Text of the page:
Coming into this season, Felix Afena-Gyan was more famous for his incredible path to Rome than he was for his exploits on the pitch, but the talent and the promise were undeniable and it didn't take long for Young Felix to put that potential to good use. Starting the season with Alberto De Rossi's Primavera outfit, Felix was an immediate success, scoring six goals in only 408 minutes. Thanks to that prolific record, the then 18-year-old Ghanian earned his senior team call up in October against Cagliari, firing two shots on goal in only 34 minutes... hey, speaking of two!

The legend of Young Felix reached dizzying heights two weeks later against Genoa. With Roma struggling to break down a surprisingly stingy Genoa defense, Felix joined the fray in the 73rd minute. While he should have been nothing more than a fresh pair of legs, Felix stole the show, scoring not one but two goals in his 17-minute cameo, rescuing Roma and writing the first page in what we hope will become a legendary career.

Outlook for Next Season

The very fact that Roma opted to keep Felix with the first team rather than loaning him out for seasoning speaks volumes about his place in Roma's long-term plans. That's not to say a loan spell won't benefit him, but Felix figures to be a big part of the Giallorossi's future plans.

Final Grade: 3 out of 10

Let's give him credit for making his first-team debut, but apart from that magical night in Genoa, Felix looked overmatched for most of the season. He'll be fine but next season will be critical for his development.

Final Thoughts on The Forwards

We titled this article All Tammy, All the Time for good reason: nothing else mattered this season. Playing abroad for the first time in one of the most hostile environments imaginable, and with 45 million reasons to succumb to that pressure, Abraham had every excuse under the sun to fall on his face in Rome, but not only did he survive, he thrived.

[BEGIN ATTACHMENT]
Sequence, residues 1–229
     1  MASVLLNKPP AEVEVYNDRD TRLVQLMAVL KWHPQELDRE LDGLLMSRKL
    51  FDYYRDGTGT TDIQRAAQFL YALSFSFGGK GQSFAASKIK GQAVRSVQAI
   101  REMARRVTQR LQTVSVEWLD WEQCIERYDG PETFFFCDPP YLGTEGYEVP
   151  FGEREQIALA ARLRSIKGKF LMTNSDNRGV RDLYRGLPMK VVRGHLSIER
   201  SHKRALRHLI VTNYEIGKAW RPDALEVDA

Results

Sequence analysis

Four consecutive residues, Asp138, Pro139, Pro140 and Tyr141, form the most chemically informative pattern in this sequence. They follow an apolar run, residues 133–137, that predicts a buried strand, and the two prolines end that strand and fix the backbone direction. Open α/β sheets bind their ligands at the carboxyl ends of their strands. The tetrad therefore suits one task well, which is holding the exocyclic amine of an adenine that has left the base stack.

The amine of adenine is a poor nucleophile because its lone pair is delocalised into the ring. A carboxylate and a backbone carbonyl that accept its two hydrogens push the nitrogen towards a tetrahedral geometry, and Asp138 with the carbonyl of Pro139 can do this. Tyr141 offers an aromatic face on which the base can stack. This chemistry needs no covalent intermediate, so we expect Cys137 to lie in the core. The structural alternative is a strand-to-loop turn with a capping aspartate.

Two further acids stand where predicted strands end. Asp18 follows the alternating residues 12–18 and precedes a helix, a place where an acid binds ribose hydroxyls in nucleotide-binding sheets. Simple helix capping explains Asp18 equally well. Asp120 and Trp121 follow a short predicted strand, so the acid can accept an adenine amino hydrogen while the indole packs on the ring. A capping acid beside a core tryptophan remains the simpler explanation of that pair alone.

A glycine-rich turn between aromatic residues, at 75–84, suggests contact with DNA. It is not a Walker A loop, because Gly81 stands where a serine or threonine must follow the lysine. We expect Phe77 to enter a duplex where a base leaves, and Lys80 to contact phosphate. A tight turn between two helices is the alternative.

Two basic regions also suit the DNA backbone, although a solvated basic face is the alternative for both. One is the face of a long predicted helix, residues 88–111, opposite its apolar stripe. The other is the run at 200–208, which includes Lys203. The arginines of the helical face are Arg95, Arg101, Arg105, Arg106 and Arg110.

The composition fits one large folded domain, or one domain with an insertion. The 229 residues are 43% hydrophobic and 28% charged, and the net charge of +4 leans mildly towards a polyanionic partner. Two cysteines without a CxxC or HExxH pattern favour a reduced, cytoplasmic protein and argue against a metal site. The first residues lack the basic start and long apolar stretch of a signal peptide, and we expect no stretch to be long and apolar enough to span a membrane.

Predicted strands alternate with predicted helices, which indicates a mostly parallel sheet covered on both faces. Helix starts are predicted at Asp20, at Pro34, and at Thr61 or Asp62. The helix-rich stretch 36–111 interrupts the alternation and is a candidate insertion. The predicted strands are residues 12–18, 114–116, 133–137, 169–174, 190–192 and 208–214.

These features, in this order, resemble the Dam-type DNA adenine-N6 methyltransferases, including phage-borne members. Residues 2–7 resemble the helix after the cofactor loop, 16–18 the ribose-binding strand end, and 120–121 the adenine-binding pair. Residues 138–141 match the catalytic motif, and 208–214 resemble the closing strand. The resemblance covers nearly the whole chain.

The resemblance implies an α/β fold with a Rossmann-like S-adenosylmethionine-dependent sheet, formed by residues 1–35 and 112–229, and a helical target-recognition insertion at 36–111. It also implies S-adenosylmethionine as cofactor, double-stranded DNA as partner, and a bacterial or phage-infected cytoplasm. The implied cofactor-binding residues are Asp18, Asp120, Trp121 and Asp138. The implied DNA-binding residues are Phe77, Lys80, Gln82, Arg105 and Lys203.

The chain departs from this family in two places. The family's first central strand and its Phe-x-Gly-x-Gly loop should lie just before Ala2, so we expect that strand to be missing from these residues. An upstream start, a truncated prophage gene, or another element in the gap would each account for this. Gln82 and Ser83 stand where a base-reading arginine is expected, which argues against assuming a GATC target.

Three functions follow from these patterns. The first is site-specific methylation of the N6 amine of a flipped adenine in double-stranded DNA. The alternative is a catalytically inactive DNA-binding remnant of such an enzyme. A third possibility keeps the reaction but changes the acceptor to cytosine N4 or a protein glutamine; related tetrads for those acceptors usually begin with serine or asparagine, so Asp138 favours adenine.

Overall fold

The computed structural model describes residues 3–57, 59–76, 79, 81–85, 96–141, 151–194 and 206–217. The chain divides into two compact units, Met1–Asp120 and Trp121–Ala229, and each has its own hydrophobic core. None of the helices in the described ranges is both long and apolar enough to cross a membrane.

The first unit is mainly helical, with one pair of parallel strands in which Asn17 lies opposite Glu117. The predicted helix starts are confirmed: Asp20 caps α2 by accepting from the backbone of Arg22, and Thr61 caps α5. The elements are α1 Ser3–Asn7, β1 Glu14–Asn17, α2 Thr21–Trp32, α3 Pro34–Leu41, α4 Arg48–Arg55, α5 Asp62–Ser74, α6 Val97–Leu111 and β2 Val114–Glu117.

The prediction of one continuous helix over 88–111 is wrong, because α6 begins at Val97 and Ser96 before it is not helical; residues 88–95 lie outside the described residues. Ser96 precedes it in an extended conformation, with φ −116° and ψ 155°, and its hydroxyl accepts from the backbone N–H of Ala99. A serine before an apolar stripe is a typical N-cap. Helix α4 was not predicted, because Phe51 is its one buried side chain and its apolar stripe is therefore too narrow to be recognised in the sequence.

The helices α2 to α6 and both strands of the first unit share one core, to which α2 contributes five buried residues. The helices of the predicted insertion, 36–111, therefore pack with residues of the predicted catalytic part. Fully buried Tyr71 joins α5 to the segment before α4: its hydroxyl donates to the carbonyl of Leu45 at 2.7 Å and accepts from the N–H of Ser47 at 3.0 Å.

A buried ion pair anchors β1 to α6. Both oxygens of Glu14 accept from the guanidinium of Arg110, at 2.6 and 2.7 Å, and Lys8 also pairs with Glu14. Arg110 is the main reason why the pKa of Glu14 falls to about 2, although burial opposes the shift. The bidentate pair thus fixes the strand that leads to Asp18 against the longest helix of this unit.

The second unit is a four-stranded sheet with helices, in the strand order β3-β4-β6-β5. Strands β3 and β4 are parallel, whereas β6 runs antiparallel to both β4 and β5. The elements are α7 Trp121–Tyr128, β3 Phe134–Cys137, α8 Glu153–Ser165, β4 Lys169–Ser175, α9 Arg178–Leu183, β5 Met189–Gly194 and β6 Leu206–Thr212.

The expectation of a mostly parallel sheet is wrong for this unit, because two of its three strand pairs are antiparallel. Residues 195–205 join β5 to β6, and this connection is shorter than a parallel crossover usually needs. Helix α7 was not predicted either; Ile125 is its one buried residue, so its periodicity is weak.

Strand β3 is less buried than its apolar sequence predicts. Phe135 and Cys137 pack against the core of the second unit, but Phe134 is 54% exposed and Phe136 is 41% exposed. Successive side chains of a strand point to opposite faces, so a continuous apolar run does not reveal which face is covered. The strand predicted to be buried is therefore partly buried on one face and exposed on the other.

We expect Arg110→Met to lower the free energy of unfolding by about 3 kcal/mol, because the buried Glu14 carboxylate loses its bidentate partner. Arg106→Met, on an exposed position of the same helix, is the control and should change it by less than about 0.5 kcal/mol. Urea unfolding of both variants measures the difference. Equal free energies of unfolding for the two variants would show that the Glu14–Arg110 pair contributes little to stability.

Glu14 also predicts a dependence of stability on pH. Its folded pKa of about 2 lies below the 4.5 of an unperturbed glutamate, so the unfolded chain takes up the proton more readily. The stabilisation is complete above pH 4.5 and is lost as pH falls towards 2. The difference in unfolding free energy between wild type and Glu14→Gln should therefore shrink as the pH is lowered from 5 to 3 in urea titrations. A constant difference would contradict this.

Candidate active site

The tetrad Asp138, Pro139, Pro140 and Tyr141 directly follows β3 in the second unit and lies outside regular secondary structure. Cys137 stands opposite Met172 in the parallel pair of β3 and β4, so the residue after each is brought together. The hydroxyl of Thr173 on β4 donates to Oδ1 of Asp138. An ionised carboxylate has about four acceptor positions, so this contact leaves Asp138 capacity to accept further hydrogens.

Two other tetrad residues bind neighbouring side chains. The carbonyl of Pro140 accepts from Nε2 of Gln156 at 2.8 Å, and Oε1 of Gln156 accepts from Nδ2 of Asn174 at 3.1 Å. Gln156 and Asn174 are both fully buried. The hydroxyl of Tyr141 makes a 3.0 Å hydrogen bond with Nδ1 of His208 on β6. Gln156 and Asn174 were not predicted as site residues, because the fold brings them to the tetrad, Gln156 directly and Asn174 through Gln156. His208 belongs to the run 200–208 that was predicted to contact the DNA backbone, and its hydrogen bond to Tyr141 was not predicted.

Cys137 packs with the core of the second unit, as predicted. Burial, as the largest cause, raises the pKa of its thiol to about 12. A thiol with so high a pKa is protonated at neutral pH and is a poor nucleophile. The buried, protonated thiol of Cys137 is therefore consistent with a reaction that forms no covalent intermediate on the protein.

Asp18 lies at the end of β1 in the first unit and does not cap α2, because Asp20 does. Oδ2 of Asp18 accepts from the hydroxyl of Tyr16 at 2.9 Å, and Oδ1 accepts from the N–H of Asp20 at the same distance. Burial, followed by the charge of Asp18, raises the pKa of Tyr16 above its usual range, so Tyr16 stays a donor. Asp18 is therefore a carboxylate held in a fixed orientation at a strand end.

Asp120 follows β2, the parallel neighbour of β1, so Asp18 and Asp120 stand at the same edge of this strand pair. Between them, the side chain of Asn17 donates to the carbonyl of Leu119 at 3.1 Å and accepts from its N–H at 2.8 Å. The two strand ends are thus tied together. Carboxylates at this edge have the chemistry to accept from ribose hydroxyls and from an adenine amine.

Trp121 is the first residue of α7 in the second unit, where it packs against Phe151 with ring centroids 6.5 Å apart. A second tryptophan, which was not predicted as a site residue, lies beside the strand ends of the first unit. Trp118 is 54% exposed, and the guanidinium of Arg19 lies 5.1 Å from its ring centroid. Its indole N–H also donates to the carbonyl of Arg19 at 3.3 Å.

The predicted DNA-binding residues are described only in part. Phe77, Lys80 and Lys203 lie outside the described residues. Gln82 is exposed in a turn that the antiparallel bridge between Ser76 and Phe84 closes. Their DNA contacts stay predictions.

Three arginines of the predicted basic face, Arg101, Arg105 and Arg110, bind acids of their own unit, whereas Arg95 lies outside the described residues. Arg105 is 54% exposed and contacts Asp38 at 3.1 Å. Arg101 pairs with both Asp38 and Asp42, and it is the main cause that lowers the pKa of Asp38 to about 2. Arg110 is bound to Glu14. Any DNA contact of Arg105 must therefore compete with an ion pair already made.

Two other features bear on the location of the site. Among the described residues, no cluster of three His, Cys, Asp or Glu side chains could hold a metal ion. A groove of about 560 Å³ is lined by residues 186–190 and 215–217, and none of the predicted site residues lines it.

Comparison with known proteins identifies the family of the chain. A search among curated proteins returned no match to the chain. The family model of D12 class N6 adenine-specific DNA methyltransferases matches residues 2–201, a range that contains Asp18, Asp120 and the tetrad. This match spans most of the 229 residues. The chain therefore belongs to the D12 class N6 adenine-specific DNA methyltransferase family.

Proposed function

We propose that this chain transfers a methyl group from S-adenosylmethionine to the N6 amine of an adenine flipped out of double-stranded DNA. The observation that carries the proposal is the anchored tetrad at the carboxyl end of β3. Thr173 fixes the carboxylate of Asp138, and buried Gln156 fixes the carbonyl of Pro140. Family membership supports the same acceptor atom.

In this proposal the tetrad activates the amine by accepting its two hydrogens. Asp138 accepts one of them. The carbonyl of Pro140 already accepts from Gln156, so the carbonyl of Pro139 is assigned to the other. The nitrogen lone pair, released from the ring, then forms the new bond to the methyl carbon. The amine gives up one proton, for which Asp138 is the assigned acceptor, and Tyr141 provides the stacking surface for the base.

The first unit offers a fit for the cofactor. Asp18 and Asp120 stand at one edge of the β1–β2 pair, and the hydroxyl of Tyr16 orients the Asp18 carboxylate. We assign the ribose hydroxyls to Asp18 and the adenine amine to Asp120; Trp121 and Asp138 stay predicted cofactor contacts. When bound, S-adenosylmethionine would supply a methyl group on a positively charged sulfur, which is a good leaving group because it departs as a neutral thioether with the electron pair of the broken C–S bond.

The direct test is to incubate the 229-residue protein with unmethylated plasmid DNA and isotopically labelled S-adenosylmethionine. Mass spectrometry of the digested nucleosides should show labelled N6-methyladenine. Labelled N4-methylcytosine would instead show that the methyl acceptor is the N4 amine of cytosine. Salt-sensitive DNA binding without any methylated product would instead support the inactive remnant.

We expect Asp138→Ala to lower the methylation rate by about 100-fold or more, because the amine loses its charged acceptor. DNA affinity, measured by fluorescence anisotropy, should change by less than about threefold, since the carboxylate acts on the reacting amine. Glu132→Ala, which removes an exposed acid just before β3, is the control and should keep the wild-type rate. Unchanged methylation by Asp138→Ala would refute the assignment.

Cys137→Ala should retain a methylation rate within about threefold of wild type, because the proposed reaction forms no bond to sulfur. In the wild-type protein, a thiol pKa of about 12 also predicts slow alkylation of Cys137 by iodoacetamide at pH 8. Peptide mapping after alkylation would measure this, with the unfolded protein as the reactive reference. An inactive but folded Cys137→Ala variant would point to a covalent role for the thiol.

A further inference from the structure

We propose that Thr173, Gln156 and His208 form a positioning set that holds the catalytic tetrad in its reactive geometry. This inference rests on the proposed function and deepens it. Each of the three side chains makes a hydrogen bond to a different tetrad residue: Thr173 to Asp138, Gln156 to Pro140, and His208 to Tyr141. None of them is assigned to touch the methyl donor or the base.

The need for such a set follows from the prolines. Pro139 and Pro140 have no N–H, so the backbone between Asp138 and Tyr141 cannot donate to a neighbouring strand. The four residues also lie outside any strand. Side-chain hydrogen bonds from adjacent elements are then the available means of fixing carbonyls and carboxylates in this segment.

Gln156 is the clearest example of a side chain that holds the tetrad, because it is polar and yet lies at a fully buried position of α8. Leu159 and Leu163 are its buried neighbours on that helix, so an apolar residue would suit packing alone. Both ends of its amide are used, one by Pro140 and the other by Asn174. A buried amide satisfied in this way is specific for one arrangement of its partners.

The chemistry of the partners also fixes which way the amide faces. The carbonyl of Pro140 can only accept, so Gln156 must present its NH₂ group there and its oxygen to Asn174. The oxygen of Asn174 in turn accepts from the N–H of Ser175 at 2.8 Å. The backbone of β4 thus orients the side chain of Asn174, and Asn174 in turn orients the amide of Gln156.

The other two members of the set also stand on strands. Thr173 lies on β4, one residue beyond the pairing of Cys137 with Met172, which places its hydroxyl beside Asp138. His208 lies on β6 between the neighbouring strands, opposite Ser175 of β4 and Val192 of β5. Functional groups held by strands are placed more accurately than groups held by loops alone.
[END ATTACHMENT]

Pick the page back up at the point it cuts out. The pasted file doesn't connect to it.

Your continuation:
With two goals and two assists in his first five appearances, it didn't take long for Tammy to make an impression on the scoreboard. But as the season progressed, the complete striker who wasn't yet complete started to shake free from that stipulation, looking increasingly comfortable in every facet of the game. Whether he was dropping back into midfield to provide an outlet for Roma's buildup phases, posting up 20-yards out to spring the wide players, busting his ass to chase down loose balls, or scoring nearly 30 goals, Abraham flashed the sort of world-beating potential we seldom see in the City of Seven Hills.

But that was sort of that. If the preceding 2,400 words weren't any indication, let me be perfectly blunt: Tammy's fellow forwards hung him out to dry this season. As talented as he is, Abraham can't keep Roma's attack afloat on his own—he needs help. It's imperative for Tiago Pinto and José Mourinho to find forwards/wide players that can support and complement Abraham in equal measure. To do otherwise would be a dereliction of their duties as the architects of Roma's most important project yet.

Let's end this on a bright note, though. Tammy Abraham has a chance to be something special... something incredibly special. As long as he's around, Roma will always have a chance.